Once upon a time, while perusing craigslist, I came across an ad for a “Nitendo” for sale. It said it was still in the original box, came with several games still in their boxes, and the asking price was pretty good.
My own childhood Nintendo didn’t survive years of brutality, blowing, and the ultimate crashlanding into the yard sale heap. In my teenage years, I never imagined that one day, nostalgia for my youth would come back and bite me in the ass. I wanted Nintendo, again. I emailed the seller with a few questions.
firstname.lastname@example.org wrote back to me almost immediately. Her further descriptions were still not very elaborate, and her spelling still not very good, and she had no use for punctuation or uppercase letters. Needless to say, the purchase could have been awkward.
But it wasn’t, and tasha2hottie saved everything, even the original styrofoam packaging. It was as close as I was going to get to that first time experience of opening a new NES. Even the tag from Caldor was still on there. Here are some pictures and memories of the NES Power Set –
1988 was first time I saw a Nintendo. I sat breathlessly on the floor, watching my dad’s friend play Top Gun and Super Mario Bros. I had completely missed Atari, being too young, and though I had seen video games before in the arcade, I was usually intimidated by teenagers playing them. Seeing video games in the living room, on a television was exciting.
I watched Mario leap on the flag pole and slide down, and then trot towards the castle. It was amazing. I could hardly compare it to anything I had experienced, but cartoons were the greatest thing I could think of–and this was better “This is better than cartoons,” I announced. The friend laughed. I didn’t understand why. It really was. It was better than anything.
That December, the Nintendo Power Set was released, bundled with Super Mario Bros/Duck Hunt/World Class Track Meet, the Zapper, and the Power Pad. By the time of the Power Set’s release, Nintendo was mainstream and affordable to everyone on the block, not just the rich family. It was still $149 dollars, nearly $300 in today’s dollars.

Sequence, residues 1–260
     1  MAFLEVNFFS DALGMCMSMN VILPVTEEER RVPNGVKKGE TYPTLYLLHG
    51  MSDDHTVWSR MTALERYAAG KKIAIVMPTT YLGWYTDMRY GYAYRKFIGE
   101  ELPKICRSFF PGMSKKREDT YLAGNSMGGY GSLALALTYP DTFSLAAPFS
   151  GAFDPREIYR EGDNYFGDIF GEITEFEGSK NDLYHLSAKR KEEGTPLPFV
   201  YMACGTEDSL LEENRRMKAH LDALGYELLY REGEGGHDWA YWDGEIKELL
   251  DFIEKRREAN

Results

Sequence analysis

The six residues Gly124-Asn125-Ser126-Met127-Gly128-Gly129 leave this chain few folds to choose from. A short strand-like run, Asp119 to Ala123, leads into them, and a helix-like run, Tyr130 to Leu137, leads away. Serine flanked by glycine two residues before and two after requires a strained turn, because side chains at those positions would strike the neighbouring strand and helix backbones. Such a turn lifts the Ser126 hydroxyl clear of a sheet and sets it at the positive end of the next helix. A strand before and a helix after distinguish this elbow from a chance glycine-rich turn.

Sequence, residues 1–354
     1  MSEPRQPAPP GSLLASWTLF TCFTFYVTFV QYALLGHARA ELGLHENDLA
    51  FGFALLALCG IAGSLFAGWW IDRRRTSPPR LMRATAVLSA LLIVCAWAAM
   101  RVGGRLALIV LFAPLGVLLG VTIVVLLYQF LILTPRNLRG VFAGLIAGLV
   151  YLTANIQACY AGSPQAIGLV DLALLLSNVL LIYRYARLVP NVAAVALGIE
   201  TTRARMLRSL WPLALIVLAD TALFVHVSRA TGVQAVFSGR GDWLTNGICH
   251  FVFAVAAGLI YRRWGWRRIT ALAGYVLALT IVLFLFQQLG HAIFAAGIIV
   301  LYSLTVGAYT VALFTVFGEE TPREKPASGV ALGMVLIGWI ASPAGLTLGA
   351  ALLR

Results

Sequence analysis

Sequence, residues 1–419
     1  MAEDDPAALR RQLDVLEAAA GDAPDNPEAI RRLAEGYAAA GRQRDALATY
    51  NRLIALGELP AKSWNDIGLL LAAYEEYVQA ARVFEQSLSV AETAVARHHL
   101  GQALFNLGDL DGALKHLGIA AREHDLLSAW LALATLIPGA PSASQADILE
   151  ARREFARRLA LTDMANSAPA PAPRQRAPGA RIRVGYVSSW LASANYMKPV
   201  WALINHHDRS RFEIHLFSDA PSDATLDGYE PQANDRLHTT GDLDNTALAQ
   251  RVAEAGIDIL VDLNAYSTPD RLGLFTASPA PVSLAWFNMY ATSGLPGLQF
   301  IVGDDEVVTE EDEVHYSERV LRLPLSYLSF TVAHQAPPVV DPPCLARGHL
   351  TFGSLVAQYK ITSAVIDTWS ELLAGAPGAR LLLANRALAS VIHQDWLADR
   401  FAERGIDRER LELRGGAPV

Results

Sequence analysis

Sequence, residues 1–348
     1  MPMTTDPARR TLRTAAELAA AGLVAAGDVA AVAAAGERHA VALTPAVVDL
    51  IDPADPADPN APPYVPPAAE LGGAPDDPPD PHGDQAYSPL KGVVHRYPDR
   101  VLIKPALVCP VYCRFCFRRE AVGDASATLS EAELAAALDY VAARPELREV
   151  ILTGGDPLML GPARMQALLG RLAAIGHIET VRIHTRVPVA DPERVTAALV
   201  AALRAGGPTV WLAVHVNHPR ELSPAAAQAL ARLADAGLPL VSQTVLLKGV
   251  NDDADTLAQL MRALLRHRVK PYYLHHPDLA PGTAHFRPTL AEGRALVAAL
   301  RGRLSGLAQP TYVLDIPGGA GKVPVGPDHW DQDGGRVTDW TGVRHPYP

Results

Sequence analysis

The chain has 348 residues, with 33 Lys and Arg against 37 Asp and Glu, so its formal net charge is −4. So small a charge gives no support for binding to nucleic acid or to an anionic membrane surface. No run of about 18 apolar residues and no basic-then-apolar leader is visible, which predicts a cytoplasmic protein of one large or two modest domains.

My parents warned me that even Santa had a snowball in hell’s chance of getting one, and not to be disappointed if Santa didn’t bring one at Christmas. A lot of kids believed that Santa’s elves made the toys, but I knew better than that–Santa actually shopped at Toys R Us after midnight, and just because he could fly and shit didn’t make him superhuman. So I cut him some slack. The Nintendo was hard to get.
But I wanted one bad. I didn’t want it because I wanted to brag about it in school. And I didn’t want it because it was expensive, or because it was the coolest. I wanted it because it seemed like a dream, something magical and possible, and yet beyond this world. 8-bit games look pedestrian now, but back then, they validated my beliefs that there were things beyond this world that were real.
Some magicians could do real magic. At Disneyworld, cartoon characters walked alongside humans. At the Power Plant, there was a real leprechaun. Santa shopped at Toys R Us. Michael Jackson could walk forwards and backwards at the same time. Video games existed. These were things that were really real, and knowing this, I felt safe. I felt confident. I felt forever.